Information appliances represent a huge opportunity for PC manufacturers, but making money over the long term is--as always--the difficult part.
Consensus among high-tech executives is that the market for simple, stripped-down information appliances is set to explode. Some estimates project that these devices will outstrip PC shipments by 2002, said Brian Halla, chairman of National Semiconductor. "The PC continues on, but the information appliance takes over rapidly. It could happen," he said.
Unfortunately for manufacturers, these items will also carry small prices. "The free PC is not a sustainable business model," said Chintay Shin, president of the Industrial Technology Research in Taiwan. "The purpose of the free PC is to generate revenue from services. But how can the service provider generate revenue from an unreliable PC?"
Indeed, integrating specialized software and emphasizing services sound good, but few concrete examples other than handheld computers enjoy a booming market. Still, box manufacturers must begin to act now or risk being left behind the latest important consumer trend.
Acer will move forward on its "XC" concept--that is, building specialized devices with integrated software that emphasize ease of use. Crucial infrastructure for software has yet to be built, but the groundwork appears to be proceeding.
Around six months ago, Ulead became the first software company to launch a public stock offering in Taiwan. To spur the process, the government is also now providing tax breaks to venture capital firms, which has helped increased the number of VC funds from around 30 to 130 in a year. The amount of VC investing here is second only to the United States.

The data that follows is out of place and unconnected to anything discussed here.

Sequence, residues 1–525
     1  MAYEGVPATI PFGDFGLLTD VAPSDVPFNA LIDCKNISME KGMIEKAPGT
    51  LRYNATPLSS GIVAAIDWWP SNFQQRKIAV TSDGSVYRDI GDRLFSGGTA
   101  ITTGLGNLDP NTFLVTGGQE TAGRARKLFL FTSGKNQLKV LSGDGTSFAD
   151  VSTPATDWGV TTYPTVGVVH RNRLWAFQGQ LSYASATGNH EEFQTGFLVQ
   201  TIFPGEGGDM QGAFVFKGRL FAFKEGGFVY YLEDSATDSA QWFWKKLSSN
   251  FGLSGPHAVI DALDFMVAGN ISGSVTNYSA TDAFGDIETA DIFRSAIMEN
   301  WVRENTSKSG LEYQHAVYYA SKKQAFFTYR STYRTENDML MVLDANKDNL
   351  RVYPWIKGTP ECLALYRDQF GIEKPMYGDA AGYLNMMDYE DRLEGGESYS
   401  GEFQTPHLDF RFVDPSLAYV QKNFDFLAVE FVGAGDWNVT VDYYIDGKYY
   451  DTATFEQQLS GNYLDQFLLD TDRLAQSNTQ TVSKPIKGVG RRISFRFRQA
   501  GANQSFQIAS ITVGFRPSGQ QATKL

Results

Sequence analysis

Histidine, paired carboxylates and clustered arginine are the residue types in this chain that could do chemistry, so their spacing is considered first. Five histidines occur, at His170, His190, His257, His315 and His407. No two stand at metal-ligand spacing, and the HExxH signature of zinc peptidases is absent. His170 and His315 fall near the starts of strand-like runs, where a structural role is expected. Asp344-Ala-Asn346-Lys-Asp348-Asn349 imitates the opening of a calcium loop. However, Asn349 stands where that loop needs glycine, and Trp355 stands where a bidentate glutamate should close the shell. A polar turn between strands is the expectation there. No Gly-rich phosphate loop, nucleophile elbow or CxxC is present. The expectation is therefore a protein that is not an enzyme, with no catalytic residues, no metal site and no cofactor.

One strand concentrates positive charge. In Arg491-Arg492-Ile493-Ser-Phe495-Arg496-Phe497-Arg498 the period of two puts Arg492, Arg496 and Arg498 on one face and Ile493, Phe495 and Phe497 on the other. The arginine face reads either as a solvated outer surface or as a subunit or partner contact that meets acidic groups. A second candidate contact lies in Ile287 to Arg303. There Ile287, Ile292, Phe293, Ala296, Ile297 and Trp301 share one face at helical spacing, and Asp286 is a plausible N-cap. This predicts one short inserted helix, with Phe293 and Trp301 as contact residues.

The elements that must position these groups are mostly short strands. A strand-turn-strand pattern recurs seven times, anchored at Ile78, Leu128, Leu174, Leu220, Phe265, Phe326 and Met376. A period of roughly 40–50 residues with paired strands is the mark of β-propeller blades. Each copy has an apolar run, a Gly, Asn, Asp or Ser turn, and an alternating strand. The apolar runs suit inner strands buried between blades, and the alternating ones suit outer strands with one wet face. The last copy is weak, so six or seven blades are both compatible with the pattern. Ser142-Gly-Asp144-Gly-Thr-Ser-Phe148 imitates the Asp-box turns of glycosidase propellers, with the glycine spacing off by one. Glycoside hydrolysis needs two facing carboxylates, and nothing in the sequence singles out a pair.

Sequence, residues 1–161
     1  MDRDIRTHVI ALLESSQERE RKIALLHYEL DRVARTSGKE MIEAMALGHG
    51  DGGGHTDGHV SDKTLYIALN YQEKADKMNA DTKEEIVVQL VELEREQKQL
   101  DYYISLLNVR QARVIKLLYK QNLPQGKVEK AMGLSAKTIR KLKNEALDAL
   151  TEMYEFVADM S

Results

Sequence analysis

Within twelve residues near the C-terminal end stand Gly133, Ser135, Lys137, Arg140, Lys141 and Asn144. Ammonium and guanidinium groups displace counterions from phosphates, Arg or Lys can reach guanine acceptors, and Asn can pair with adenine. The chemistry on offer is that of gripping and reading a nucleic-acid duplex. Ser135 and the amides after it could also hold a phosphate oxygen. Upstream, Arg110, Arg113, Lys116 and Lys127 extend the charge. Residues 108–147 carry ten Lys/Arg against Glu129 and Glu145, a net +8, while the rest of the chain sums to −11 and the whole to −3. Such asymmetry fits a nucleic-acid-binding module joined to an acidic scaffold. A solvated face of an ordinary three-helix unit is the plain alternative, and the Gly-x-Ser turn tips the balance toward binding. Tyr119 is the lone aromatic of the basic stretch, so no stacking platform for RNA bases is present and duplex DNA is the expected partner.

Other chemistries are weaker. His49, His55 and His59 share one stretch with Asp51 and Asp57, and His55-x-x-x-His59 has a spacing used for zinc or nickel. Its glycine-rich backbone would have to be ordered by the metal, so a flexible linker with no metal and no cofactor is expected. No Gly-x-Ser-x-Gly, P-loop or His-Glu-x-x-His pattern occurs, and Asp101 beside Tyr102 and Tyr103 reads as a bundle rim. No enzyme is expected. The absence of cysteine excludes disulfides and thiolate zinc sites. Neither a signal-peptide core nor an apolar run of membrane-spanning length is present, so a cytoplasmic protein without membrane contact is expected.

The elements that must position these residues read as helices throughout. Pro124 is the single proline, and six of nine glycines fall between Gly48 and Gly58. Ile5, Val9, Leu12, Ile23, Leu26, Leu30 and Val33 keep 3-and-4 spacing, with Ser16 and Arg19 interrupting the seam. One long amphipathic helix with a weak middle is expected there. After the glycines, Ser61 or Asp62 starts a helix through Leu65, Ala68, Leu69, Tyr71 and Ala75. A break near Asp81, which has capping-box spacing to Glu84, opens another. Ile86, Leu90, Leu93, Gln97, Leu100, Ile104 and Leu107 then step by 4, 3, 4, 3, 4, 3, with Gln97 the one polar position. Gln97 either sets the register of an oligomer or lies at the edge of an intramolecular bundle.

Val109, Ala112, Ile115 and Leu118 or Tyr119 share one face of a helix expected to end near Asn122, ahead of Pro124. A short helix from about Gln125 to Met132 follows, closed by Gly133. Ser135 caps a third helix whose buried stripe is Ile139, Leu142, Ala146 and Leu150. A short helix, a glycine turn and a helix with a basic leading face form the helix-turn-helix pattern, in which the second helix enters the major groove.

"In the future, the [profit] margin in hardware will be minimal. The margins will be in software and services," said Stan Shih, chairman of Acer. "Acer has to continue to develop a higher value on top of our current strengths."
Intel is also investing in software companies here, said John Davies, the chipmaker's vice president for Asia. Manufacturers have to "build complete solutions and get them ready for e-commerce...This is where APAC needs to go," he said.
Companies such as Inforia, which has developed a Chinese browser and a local version of ICQ, and Migosoft, which makes photo and imaging software for the Net, are also generating a buzz.
Taiwanese software may seem distant for the U.S. market, but, as nearly everyone at the Computex trade show points out here, U.S. manufacturers rely on companies in Taiwan to design products. What gets created here serves often as the basis for domestic goods.
For silicon providers, integration is the future. Semiconductor technology is proceeding at such a rate that many of the internal components will be merged into one. NEC is working on a "system-on-a-board" chip that will contain a processor, memory, a digital signal processor, and more through 11 million transistors, said Tadahiro Sekimoto, senior member of the board of NEC.
"The fusion of computers and communications is a fact of life," he said. The megachip he spoke of will go into TV set-top boxes.
Through this process, manufacturers will be able to "create a supercomputer in a watch," by 2005, Halla said. A single fabrication facility will be able to produce all of the world's demand for Pentium-class chips by then, he added.
Convenience and communication provide a different course, Halla noted. National, among others, is following a strategy where the company will develop a basic processor core and then integrate components depending on the application. A chip for a corporate machine, for instance, will contain integrated networking. A chip for consumer devices will emphasize video.
"The difference will come about on the products that produce the best experience on the Web," he said. Booming cell phone usage won't hurt either, he added.
How it all will play out, however, is anyone's guess. "There are going to be appliances in the middle that I can't forecast the role that they will play," Davies said. "I can see the cell phone, and I can see the PC, and some access devices, but I can't pick winners and losers."
Kevin Chen, a reporter with Tricast, contributed to this story from Taiwan. Tricast is a licensee of CNET.